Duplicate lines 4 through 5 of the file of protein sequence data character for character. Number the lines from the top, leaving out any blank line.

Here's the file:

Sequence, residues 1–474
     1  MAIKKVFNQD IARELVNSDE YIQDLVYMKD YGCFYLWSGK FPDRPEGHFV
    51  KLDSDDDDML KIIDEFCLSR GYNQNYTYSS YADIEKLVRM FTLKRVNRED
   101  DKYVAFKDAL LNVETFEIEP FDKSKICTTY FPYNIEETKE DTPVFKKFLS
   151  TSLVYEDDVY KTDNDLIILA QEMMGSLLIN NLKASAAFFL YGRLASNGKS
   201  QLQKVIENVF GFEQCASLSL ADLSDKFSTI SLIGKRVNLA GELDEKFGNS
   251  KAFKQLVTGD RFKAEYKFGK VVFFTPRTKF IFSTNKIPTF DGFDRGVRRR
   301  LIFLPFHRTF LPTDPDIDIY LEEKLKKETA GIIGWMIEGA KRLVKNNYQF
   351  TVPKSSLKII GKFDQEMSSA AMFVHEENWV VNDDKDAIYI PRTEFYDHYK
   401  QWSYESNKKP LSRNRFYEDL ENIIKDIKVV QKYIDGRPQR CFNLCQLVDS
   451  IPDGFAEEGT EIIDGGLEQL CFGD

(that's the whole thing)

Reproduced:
   101  DKYVAFKDAL LNVETFEIEP FDKSKICTTY FPYNIEETKE DTPVFKKFLS
   151  TSLVYEDDVY KTDNDLIILA QEMMGSLLIN NLKASAAFFL YGRLASNGKS